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J Voice. 2019 Nov 19. pii: S0892-1997(19)30397-2. doi: 10.1016/j.jvoice.2019.10.008. [Epub ahead of print]

Diagnostic Value of Acoustic and Aerodynamic Measurements in Vocal Fold Movement Disorders and their Correlation with Laryngeal Electromyography and Voice Handicap Index.

Author information

1
Department of Surgery, Temple University Hospital, Philadelphia, Pennsylvania.
2
Drexel University College of Medicine, Philadelphia, Pennsylvania.
3
Department of Otolaryngology - Head and Neck Surgery, Drexel University College of Medicine, Philadelphia, Pennsylvania.
4
Epidemiology and Biostatistics, Dornsife School of Public Health - Drexel University, Philadelphia, Pennsylvania.
5
Philadelphia Ear, Nose, and Throat Associates, Philadelphia, Pennsylvania.
6
Department of Otolaryngology - Head and Neck Surgery, Senior Associate Dean for Clinical Academic Specialties, Drexel University College of Medicine, Philadelphia, Pennsylvania.

Abstract

OBJECTIVES:

Investigate the relationships between the Voice Handicap Index, laryngeal electromyography, and objective acoustic voice testing in order to determine the utility of these measures in the management of vocal fold movement disorders.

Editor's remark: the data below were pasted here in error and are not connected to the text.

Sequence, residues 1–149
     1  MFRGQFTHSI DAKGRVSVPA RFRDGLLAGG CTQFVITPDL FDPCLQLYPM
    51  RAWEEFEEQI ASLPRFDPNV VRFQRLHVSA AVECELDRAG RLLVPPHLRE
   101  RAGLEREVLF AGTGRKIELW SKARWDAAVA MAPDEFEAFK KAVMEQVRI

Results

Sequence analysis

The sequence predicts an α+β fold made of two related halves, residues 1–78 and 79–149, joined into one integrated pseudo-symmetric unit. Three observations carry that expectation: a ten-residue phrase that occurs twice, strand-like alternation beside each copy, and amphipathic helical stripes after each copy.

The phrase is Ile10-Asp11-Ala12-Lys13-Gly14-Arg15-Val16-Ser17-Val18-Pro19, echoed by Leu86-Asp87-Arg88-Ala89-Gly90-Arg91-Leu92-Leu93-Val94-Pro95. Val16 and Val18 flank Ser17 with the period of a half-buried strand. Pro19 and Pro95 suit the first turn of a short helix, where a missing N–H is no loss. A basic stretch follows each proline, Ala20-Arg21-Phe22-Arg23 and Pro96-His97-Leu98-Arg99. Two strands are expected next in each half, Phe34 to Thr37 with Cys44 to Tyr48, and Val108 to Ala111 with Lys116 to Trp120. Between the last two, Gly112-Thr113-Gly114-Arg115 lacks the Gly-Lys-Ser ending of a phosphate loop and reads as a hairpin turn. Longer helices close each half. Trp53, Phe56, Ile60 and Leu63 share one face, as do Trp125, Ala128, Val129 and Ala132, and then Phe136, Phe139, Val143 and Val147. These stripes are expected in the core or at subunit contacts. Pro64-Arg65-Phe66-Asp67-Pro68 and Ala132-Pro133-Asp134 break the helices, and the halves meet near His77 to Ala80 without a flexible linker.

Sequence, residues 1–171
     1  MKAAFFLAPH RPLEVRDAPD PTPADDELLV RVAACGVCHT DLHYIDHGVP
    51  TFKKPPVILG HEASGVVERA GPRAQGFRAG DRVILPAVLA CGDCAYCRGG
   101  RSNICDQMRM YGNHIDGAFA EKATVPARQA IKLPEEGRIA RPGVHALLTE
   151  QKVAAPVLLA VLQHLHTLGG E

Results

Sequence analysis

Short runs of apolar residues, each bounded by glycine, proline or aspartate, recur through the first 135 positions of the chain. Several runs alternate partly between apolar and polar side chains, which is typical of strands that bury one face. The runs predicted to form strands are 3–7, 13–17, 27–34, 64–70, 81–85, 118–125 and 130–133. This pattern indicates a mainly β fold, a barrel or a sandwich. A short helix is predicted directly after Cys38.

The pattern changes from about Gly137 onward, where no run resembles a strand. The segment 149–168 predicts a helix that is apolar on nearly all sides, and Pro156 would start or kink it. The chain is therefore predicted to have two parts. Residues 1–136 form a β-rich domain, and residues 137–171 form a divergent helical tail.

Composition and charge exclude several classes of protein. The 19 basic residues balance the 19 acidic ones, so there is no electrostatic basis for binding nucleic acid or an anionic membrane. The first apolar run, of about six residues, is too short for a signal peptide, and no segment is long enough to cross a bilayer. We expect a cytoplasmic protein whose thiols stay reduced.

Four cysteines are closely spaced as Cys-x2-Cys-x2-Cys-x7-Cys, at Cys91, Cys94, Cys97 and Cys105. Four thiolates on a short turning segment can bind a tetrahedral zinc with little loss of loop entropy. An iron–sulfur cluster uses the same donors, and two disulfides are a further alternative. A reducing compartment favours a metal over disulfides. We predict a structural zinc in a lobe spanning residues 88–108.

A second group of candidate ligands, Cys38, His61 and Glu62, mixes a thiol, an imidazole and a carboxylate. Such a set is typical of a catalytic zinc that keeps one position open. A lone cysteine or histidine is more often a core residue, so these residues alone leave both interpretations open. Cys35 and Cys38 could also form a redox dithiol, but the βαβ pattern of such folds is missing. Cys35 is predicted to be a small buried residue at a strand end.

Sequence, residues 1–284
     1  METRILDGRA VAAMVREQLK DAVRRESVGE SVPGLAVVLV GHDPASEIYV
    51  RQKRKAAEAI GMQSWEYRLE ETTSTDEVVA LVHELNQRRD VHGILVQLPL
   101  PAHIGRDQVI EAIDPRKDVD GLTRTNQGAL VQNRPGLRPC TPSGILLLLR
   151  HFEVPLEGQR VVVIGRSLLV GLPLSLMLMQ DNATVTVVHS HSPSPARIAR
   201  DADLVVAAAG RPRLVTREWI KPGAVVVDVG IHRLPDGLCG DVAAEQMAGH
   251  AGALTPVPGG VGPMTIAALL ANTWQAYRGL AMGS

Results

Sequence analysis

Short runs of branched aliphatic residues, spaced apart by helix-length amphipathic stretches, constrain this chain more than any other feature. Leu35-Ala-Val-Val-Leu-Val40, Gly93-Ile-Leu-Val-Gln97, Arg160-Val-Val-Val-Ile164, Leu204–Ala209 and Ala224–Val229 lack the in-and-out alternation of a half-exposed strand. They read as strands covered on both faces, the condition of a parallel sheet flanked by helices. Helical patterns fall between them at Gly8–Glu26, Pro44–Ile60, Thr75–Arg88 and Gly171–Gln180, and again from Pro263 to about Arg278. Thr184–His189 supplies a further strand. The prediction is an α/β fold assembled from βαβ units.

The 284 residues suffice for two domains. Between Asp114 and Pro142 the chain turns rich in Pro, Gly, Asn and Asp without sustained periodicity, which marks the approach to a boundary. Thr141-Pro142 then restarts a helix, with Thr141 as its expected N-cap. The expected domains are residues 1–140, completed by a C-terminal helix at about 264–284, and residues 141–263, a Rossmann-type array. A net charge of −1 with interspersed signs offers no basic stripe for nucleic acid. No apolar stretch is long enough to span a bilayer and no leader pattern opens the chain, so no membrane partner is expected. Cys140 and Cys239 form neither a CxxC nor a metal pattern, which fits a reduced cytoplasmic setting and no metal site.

METHODS:

A retrospective review of patients who had completed a Voice Handicap Index-10 (VHI-10) questionnaire, laryngeal electromyography (LEMG), and objective acoustic measurements (including jitter, relative average perturbation, shimmer, noise-to-harmonic ratio, and standard deviation of fundamental frequency). All three tests had been completed within 30 days of the initial evaluation. All patients' results for acoustic measures were recorded as standard deviations from the norm. LEMG results were converted to grade of paresis (mild, moderate, severe) based on the muscle with the lowest recruitment. Spearman correlation coefficients were calculated to determine the relationship between these three parameters.

RESULTS:

A total of 313 subjects were included in the analysis. VHI-10, LEMG (grade of paresis), and objective acoustic measures were, at best, weakly correlated. VHI-10 was better correlated than LEMG to each acoustic parameter including the average acoustic scores; however, the highest correlation observed only reached ρ = 0.349 (P < 0.001). The acoustic variables that correlated best with VHI-10 and LEMG were the standard deviation of the fundamental frequency (ρ = 0.349, P < 0.001) and shimmer (ρ = 0.207, P < 0.001), respectively.

CONCLUSION:

This study demonstrates that these measures are, at best, weakly associated. VHI-10 correlated better than LEMG (grade of paresis) to each acoustic voice analysis parameter. However, the maximum correlation coefficient observed was 0.349. Therefore, VHI-10 scores and objective voice acoustic measurements are not useful for predicting the severity of vocal fold movement disorders. Moreover, a given severity of paresis can have different effects on voice handicap and acoustic output in different individuals.

KEYWORDS:

Acoustic; Aerodynamic; Analysis; Dysphonia; Electromyography; Measurement; Paralysis; Paresis; Vocal fold; Voice; Voice Handicap Index

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